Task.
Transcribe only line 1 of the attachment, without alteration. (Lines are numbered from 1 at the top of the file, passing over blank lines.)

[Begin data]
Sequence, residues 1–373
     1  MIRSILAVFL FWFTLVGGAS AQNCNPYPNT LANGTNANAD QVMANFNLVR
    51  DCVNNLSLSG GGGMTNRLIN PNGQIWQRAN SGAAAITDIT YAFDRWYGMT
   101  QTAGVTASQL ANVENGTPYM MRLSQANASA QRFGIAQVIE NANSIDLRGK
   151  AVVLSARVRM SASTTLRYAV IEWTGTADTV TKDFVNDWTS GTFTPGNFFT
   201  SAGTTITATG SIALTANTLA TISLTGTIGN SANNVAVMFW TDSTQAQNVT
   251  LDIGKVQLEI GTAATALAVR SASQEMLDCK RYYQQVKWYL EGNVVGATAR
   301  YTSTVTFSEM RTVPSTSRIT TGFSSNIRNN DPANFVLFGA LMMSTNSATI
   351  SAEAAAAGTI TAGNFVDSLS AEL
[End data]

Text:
Sequence, residues 1–373